“The scandal of the evangelical mind is that there is not much of an evangelical mind.” – Mark Noll
When pressed, many Christians have difficulty explaining their worldview in a questioning culture. My aim, however, isn’t to talk about the problem, but offer a solution. How can Christians become more intellectually equipped? What lens should we use to filter the countless bits of information that float around at any given moment?
I don’t believe the answer is found in a diploma or IQ score. The problem is not that we are stupid, but that we are lazy. And that’s good news. You can fix lazy.
It’s easier to binge-watch Netflix than read a philosophical argument for the existence of God (or the end of this post). Don’t get me wrong. Binge watching has its place, but learning shapes society.
Before you go sailing off on a guilt trip, know this- with a tiny bit of effort, you will be shocked at how much you can learn. And doing so won’t require cancelling your Hulu subscription.
If my theory is true, then reruns of The Office aren’t what’s keeping the evangelical mind stagnant anyway. Two factors increase our gravitation towards laziness:
- People don’t have a grid to filter all the information that’s available to them.
- People don’t know where to start.
Here’s how I combat intellectual complacency. It may help you as well.
There’s a grid I use to gather, filter, and process information. Both fall under the categories of reading and listening. There’s an old saying that, “Leaders are readers.” Some people, though, have trouble reading. So, perhaps a better way to say it would be, “Leaders are learners.” Reading and listening help you learn.
The Reading Grid
There is a hierarchy when it comes to reading:
BIBLE > BOOKS > BLOGS
Because God holds ultimate authority, the BIBLE (God’s Word) holds ultimate authority for our lives. Everything we say, think or do bends its knee to what God has spoken.
“His divine power has granted to us all things that pertain to life and godliness, through the knowledge of him who called us to his own glory and excellence” (2 Peter 1:3). We know God through His Word. It is sufficient for all of life. Always start with the Bible.
BOOKS, for that matter, are a very distant second. They can be insightful, though, and should be sought after. Men and women spend months or even years writing them. Their thoughts are analyzed and polished. They take time to read because they took time to write.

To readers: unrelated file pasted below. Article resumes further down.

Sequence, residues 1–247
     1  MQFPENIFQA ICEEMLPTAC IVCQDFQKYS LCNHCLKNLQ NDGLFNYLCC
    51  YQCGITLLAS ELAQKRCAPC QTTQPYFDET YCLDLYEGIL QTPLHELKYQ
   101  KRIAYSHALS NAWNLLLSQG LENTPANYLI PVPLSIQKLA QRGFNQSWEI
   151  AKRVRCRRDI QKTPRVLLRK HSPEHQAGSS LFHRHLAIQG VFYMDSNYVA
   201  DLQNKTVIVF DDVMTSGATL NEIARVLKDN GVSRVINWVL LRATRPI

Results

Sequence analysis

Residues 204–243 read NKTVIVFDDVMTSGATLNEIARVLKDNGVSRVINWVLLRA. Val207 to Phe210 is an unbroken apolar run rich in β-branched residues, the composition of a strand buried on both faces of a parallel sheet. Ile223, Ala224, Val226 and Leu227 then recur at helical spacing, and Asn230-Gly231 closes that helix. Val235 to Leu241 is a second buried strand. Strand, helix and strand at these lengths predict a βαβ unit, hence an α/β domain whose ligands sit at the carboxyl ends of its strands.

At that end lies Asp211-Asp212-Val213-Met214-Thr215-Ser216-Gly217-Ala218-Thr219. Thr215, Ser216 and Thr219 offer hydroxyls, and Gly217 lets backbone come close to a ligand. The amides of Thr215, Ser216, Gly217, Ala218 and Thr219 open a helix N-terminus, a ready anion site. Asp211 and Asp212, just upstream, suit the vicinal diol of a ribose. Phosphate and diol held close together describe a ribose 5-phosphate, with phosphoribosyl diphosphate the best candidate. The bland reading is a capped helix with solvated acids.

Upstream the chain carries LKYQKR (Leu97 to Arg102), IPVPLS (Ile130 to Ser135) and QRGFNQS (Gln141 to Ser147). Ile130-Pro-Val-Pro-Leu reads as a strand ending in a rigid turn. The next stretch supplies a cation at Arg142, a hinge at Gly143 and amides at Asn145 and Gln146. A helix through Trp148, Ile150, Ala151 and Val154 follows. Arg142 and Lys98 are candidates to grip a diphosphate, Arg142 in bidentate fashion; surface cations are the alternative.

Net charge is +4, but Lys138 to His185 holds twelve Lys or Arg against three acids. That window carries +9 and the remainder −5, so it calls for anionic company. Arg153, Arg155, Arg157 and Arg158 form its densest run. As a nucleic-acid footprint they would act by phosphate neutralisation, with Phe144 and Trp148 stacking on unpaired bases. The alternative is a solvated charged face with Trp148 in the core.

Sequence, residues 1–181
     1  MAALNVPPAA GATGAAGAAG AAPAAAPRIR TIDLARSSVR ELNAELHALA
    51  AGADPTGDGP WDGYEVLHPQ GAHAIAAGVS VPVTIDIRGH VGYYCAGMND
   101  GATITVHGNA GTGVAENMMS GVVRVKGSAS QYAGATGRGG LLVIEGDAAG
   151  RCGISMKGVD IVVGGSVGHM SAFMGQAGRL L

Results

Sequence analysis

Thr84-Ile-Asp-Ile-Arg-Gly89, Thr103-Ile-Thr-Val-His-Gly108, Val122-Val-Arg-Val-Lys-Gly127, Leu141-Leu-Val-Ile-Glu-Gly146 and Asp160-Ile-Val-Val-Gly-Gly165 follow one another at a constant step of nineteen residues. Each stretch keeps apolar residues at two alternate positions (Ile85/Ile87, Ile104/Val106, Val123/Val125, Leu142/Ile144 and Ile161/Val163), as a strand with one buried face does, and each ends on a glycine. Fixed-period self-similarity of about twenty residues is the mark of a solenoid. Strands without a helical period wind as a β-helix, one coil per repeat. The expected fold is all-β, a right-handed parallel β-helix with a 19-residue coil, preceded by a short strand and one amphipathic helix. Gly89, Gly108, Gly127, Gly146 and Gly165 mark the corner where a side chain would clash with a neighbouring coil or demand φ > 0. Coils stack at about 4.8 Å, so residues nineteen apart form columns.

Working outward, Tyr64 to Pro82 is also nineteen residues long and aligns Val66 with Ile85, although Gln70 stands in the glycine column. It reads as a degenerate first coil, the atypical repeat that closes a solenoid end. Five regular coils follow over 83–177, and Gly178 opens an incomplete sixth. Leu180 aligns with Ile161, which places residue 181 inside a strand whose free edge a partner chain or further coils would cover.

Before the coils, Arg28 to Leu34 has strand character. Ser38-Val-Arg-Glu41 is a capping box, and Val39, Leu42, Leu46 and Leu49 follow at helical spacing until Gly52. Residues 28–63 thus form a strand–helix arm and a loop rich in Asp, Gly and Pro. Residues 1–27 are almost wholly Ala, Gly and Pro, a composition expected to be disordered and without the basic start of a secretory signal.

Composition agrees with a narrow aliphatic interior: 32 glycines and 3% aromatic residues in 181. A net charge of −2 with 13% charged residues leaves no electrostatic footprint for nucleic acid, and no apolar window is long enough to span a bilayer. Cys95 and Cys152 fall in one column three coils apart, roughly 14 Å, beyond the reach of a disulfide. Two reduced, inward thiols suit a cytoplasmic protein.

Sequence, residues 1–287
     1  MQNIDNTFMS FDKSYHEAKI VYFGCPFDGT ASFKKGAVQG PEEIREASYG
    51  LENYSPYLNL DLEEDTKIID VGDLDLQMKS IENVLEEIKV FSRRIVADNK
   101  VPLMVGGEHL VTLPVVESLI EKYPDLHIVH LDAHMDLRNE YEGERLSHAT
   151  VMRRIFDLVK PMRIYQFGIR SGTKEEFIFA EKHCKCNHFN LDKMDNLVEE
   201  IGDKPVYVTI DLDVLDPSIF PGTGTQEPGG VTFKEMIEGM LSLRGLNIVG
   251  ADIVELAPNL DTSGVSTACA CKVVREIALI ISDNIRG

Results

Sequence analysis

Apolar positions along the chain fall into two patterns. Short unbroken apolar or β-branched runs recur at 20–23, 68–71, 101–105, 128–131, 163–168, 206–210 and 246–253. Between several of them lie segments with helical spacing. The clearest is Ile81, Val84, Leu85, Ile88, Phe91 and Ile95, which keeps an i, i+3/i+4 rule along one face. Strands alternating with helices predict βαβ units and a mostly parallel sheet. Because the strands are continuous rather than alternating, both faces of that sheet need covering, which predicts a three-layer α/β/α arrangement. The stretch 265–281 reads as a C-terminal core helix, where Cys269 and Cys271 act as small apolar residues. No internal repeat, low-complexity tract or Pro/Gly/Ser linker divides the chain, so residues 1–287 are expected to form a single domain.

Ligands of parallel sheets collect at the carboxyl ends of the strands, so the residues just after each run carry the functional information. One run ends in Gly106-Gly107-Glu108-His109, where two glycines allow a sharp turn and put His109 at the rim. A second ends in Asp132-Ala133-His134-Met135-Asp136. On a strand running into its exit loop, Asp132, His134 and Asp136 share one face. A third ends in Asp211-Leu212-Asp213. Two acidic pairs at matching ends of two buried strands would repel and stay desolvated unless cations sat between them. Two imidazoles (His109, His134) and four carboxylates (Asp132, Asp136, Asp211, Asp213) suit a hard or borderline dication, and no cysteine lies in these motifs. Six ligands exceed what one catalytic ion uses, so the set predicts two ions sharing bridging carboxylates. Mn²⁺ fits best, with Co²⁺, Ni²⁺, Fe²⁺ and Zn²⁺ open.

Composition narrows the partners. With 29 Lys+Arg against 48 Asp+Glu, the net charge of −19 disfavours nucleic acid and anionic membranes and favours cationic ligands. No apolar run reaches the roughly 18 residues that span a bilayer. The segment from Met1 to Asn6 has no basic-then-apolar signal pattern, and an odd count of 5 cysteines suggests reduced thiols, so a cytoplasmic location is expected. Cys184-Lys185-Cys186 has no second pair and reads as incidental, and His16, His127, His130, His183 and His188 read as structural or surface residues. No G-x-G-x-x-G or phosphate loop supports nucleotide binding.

Think of it this way. The authors have spent years thinking, rethinking and researching a certain subject. Then they took the time to fold it neatly between 200 pages. Years of work for them take you 10 hours to read. That’s a gift. Start by reading Biblically sound, intellectually honest and culturally relevant authors. Here are some I recommend:
- AW Tozer
- Francis Schaeffer
- Paul David Tripp
- Greg Gilbert
- CS Lewis
- Bruce Ware
- John Frame
- Wayne Grudem
BLOGS have their place, and it trails at the bottom. They don’t take as long to read, but lack the thoroughness of books. It’s hard to expound on an idea in a short amount of space. Good blogs, though, can at least get your mind heading in the right direction. Here are some I recommend:
Blogs are a great place to find book recommendations as well. In fact, there is a growing section in my archives called “Interesting Books.”
You should spend most of your time reading (or listening to) the Bible, followed by books, and ending in blogs.
The Listening Grid
The hierarchy is similar:
SERMONS > PODCASTS > CLIPS
There are thousands of SERMONS available online for free that can stir your heart and equip you for ministry. It’s important to find men who stand on the authority of God’s Word. Here are some I recommend:
- Tim Keller
- Alistair Begg
- Russell Moore
- John Piper
- Chris Hodges
- Rick Warren
The two most influential ones in my life, however, are Kyle Reno and Bill Elliff. They are my pastors. No pastor should be heard more than the one(s) overseeing your local church.
PODCASTS are great because they’re concise and can usually be listened to on the morning or afternoon commute. Here are some I recommend:
- The Briefing: A Daily Analysis of News and Events from a Christian Worldview (Al Mohler)
- Thinking in Public (Al Mohler)
- Andy Stanley’s Leadership Podcast (Andy Stanley)
- Systematic Theology (Wayne Grudem)
- Renewing Your Mind (RC Sproul)
- Signposts (Russell Moore)
CLIPS work similarly to blog posts in that they are usually short (< 5 minute) videos that scroll across social media. They are thought provoking, but are usually meant to get your mind going in a certain direction. Spend your time listening to good sermons, then a podcast or two. Don’t build much of your thinking on sound bites.
We can’t be lazy and expect to know how to engage polarizing topics with grace and truth. Remember, the evangelical mind isn’t stupid. It just needs to drink a protein shake and get to the gym more often.